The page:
- François-Xavier Branthôme
- 2018 Season
2018 processing prospects amount to 450 000 tonnes
The Argentine tomato processing industry is attempting to improve the way it runs its processing season. Tomato growers, particularly in the regions of Mendoza and San Juan, are hoping to achieve higher agricultural production yields in order to increase their competitiveness in the face of "the threat of foreign processing interests". In the long term, the main target remains self-sufficiency. But in the short term, it is necessary to find a way of providing growers with easier access to financial resources.
Indeed, national production remains well below the level of demand, and the shortfall is covered by imports. Annual consumption in Argentina is estimated at 650 000 tonnes in farm weight equivalent. Over an average tomato season, the country's harvest produces 450 000 tonnes, which is approximately 40% lower than required to cover demand. "Two or three years ago, we were getting close to self-sufficiency, but tomato pastes from Chile continued to enter the country and national production has dropped," explained Rodolfo Bianchetti (Solvencia SA), Vice-President of the Tomate 2000 association, an organization that includes processors, nursery operators and growers of the tomato industry.
As mentioned last December by Cosme Argerich, the national coordinator of INTA horticultural industry operators, the start of the harvest did not occur in the best of conditions, with hail destroying 300 hectares in the San Juan region and 100 hectares in Mendoza. These two regions, which have both planted 2 000 hectares of tomatoes for processing, account for 52% of the country's total acreage for this crop, which stands at 6 100 hectares for the 2018 season, "a figure that is similar to previous years", pointed out the INTA researcher. The industry is nonetheless hoping to run a normal season in terms of quantity and quality, with these surfaces more or less matching the "6% of the crop as a whole that we consider could be affected by hail," explained Rodolfo Bianchetti.
Rising costs and an increase in the need for financing
It is generally estimated that an Argentinian tomato grower needs to have access to working funds of approximately ARS 110 000 (about USD 5 400 or EUR 4 400) per hectare and, in order to be profitable, the same surface must produce at least 100 tonnes of tomatoes. Such levels of investment virtually guarantee high yields, but also require the implementation of technological resources.
Currently, the processing industry funds between 30% and 40% of the costs that must be covered by growers. The remaining finance – approximately ARS 70 000 per hectare – must be found by the grower, which is one of the main problems for the smaller producers who often do not have access to credit lines. "Processing companies supply the seeds, finance the purchase of fertilizers and other inputs and pay an advance on the harvest price," explained one grower, "but without aid from the state or from financial institutions, it is very difficult to obtain bank loans. A lot of growers do not even use a bank account."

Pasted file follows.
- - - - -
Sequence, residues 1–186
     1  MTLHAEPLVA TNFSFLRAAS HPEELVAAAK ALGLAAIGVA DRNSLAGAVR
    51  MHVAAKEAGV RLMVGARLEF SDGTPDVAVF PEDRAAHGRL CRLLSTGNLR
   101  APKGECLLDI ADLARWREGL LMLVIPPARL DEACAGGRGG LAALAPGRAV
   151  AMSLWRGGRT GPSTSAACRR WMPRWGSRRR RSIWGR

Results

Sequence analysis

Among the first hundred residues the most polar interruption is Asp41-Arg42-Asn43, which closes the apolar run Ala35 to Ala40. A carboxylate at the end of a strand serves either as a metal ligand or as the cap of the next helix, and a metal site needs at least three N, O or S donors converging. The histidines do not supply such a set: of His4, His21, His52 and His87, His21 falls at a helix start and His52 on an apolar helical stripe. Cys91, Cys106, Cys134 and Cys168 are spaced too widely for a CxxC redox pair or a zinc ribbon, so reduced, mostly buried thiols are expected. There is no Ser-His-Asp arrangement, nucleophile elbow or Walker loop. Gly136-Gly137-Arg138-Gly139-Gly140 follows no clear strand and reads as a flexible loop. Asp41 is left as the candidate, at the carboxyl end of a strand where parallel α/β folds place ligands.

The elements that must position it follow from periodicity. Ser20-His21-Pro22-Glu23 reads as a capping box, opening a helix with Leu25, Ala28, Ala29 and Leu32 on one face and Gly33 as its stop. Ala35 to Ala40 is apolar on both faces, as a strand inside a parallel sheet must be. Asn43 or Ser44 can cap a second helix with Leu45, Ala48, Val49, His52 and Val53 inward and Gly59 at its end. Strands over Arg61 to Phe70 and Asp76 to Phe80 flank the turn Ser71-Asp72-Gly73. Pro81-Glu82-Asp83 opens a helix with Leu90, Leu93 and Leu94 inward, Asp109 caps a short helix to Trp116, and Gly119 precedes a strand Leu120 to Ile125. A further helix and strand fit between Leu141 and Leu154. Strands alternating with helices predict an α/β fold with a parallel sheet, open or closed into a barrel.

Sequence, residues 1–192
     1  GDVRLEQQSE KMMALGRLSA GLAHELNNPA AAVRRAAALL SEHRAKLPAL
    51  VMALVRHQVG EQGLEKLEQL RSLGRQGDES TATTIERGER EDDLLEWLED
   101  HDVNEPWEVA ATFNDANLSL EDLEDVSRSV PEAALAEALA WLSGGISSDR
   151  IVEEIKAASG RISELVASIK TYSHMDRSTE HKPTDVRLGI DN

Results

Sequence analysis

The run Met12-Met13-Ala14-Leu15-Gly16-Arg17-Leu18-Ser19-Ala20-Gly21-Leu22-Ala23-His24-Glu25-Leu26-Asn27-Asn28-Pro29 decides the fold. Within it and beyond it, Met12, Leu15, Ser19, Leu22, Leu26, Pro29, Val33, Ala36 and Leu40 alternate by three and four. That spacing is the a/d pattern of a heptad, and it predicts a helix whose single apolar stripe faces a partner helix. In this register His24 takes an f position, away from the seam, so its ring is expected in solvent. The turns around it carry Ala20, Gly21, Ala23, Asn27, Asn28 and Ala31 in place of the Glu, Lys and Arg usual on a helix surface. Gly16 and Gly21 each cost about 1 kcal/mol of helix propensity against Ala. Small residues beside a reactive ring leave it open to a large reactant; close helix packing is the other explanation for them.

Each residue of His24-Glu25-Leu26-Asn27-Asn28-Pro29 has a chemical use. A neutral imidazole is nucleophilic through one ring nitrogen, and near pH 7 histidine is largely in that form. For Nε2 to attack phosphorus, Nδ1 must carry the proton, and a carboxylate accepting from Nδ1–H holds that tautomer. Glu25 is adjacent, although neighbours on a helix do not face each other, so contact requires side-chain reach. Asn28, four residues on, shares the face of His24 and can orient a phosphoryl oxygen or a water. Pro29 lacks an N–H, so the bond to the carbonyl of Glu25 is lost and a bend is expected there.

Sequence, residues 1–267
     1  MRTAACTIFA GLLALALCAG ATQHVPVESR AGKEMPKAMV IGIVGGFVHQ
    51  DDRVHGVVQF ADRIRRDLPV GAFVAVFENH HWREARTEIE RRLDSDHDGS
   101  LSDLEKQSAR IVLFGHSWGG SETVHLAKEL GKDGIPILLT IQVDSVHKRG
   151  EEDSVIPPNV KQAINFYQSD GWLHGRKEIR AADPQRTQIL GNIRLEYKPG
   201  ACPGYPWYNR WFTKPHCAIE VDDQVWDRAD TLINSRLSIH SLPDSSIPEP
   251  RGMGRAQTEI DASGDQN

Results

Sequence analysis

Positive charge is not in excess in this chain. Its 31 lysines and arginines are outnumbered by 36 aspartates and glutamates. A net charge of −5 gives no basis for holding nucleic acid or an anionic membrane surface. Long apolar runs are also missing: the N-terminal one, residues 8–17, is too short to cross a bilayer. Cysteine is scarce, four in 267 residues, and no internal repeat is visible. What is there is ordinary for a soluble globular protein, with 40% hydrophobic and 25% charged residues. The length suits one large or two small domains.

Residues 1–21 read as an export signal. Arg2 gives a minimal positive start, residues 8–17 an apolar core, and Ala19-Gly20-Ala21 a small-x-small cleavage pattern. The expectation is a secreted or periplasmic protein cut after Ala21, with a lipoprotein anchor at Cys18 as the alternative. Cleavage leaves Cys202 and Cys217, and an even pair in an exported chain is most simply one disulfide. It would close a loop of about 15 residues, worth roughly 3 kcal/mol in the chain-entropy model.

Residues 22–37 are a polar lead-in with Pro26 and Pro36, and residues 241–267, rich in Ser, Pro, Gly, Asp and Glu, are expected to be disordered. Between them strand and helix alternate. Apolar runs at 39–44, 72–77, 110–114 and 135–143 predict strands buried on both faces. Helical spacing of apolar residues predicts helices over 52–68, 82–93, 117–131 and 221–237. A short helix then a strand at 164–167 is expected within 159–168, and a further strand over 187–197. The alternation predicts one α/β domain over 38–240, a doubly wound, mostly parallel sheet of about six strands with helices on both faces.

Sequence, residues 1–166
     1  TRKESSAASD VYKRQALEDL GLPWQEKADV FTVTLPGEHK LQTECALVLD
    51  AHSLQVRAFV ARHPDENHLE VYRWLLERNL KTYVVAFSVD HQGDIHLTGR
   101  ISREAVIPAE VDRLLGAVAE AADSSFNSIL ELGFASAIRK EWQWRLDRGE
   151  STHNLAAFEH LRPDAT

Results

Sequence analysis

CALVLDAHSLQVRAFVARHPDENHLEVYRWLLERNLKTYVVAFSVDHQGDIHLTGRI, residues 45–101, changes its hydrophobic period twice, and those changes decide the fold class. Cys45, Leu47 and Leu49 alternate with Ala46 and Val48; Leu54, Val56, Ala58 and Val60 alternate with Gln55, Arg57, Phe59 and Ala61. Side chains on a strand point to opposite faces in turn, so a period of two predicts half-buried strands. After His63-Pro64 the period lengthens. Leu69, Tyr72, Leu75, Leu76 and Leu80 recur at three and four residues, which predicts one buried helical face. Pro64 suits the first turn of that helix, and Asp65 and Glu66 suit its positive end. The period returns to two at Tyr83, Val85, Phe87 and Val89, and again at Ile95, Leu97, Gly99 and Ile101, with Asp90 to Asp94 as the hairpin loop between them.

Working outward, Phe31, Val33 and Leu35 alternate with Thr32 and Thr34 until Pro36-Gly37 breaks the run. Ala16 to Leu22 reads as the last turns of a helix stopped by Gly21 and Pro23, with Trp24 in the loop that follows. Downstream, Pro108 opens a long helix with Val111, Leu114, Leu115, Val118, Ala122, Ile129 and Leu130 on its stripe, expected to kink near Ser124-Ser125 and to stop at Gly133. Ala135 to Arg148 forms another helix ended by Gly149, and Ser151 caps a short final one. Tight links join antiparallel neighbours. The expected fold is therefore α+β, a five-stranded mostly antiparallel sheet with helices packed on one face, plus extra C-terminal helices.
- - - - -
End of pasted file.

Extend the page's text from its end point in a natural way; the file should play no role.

This issue has not escaped the attention of the Vice-President of the Tomate 2000 association, who regrets that despite all the efforts invested in technology transfer and advisory services for associated growers, the difficulties they encounter in accessing financial resources have delayed the implementation of the skills acquired and slowed the growth of agricultural yields.
This year, the Tomate 2000 association hopes to harvest 450 000 tonnes.
As for the question of weather hazards, the Association has developed its own compensation fund, which is fed by contributions from associated operators, in order to cover the costs of any growers who are affected. In the case of the exceptional hailstorms that devastated some 400 hectares in San Juan and Lavalle halfway through the season, the fields were insured by this fund, so all of the expenses incurred by affected growers have been compensated.
"With this compensation fund, we have managed to break free from state dependency [for this aspect of the business], but it is still not sufficient. We are currently engaged in positive dialogue with provincial and national government authorities, but [...] we still require financing for growers. The industry has its own problems and cannot cover all the financial requirements," explained one of the Tomate 2000 growers.
Objective: to maintain the previous performance
Given the increased competition from abroad, local production must find ways of reducing costs in order to remain competitive. "The Tomate 2000 association is trying to reinforce this sector so that foreign processors do not bury us. This is our challenge, but the fact remains that financing is essential for growers," added Mr. Bianchetti.
Tomato paste remains "a global commodity", stated the Vice-President of Tomate 2000, and its price is fixed at the worldwide level. In this typical market scenario, Argentinian growers are at a real disadvantage. Imports of Chilean tomato paste are replacing local production and threatening the development of the industry. "These trade flows have existed for a long time, particularly in order to cover requirements in years of shortfall, but today the situation is different, and it has become cheaper to import pastes from Chile then to grow and process here," concluded Mr. Bianchetti.
Some complementary data
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